Thursday, February 12, 2009

Ask Not: Film Debut Today

The Career Services Office and many other administrative offices and student organizations are sponsoring today's Long Island debut of the nationally acclaimed film ASK NOT, at 12:30 and at 5:30, in the Auditorium. The public is invited to the 5:30 showing.

ASK NOT is a rare and compelling documentary film that explores the effects of the federal “don’t ask, don’t tell” law on gay and lesbian soldiers and service members. The film exposes the tangled political battles that led to the discriminatory law and examines the societal shifts that have occurred since its passage in 1993. Current and veteran gay soldiers reveal how “don’t ask, don’t tell” affects them during their tours of duty, as they struggle to maintain a double life, uncertain of whom they can trust. The film also explores how gay veterans and youth organizers are turning to forms of personal activism to overturn the policy. The film showcases a national speaking tour of conservative universities to protests at military recruitment offices, these public events question how the U.S. military can claim to represent democracy and freedom while denying one segment of the population the right to serve.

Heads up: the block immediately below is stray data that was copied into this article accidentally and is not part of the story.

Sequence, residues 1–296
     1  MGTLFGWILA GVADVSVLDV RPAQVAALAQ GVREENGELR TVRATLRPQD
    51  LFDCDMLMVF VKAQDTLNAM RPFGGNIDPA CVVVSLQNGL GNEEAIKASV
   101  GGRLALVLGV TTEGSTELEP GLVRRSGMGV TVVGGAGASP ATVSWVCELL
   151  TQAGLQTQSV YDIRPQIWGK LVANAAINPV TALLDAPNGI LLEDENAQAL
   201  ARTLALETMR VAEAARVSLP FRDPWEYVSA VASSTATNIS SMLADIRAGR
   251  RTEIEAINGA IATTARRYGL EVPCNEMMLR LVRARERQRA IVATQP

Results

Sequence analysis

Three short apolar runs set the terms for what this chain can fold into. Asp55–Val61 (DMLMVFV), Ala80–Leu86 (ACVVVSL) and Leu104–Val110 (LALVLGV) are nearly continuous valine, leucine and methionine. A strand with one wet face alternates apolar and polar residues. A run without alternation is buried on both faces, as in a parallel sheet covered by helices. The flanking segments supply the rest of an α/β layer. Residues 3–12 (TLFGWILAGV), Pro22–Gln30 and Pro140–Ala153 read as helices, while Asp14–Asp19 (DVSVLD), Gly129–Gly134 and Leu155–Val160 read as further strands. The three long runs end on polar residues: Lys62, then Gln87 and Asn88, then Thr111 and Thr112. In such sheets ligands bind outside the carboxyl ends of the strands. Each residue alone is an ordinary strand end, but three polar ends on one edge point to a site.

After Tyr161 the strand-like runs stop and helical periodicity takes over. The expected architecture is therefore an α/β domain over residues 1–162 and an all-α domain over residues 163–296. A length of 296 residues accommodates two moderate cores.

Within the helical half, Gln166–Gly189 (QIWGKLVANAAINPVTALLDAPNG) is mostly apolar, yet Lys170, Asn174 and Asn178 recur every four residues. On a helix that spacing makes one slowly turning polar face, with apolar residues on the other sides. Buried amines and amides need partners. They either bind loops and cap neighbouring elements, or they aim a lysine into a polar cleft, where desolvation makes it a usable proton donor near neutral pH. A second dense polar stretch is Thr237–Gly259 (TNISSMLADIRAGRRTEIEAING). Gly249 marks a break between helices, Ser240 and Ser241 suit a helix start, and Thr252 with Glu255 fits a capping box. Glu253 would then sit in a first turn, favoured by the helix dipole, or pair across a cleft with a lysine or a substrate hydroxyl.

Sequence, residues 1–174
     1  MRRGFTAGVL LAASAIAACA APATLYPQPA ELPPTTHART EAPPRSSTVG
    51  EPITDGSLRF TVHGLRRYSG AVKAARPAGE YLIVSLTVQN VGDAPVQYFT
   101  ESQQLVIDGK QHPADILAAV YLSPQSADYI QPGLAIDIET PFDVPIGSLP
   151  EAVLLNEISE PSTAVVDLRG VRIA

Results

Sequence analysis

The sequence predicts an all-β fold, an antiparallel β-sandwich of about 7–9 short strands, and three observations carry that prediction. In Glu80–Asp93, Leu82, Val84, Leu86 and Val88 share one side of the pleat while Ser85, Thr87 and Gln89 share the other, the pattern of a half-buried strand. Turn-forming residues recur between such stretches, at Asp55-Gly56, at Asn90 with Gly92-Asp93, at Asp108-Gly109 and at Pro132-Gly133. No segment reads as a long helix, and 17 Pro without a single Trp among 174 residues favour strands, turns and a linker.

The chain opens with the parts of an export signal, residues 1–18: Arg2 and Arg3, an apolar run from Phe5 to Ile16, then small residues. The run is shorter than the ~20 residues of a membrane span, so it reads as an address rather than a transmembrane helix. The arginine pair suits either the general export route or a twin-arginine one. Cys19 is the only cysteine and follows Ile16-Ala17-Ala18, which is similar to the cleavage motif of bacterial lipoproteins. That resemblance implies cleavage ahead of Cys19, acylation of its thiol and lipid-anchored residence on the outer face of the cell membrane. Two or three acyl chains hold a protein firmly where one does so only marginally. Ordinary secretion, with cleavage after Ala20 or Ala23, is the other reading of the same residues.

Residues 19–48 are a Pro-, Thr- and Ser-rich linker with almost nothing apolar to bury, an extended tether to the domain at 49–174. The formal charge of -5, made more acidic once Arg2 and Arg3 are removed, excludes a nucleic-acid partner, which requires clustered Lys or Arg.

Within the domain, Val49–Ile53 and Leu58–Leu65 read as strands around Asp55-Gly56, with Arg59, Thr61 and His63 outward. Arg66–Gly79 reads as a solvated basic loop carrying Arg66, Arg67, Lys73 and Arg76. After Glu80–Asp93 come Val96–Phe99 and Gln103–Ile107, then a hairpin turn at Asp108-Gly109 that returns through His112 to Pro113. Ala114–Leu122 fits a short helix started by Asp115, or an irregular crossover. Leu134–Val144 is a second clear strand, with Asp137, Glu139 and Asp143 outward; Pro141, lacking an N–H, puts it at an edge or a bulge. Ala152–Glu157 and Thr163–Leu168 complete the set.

In addition, we are pleased to have Dr. Nathaniel Frank attend the 5:30 screening, and he will take questions about the Don’t Ask Don’t Tell law after the screening. Dr. Frank is Senior Research Fellow at the Palm Center (affiliated with the University of California) and an adjunct professor at New York University. He first broke the story of the Army's firing of Arabic-language specialists under the ‘don't ask don't tell’ policy. He has been interviewed for national television and radio programs to discuss the topic of marriage and military service rights for gays and lesbians. Dr. Frank's writing has appeared in The New York Times, Washington Post, The New Republic, the Los Angeles Times, the Philadelphia Inquirer, the San Francisco Chronicle, Lingua Franca, and other publications. Dr. Frank received his Ph.D. in History from Brown University in the spring of 2002. Before that he earned his Masters also from Brown and his Bachelors from Northwestern University in History and American Culture. His book on the U.S. military's gay ban, Unfriendly Fire: How the Gay Ban Undermines the Military and Weakens America, will be published in 2009 by St. Martin's Press.

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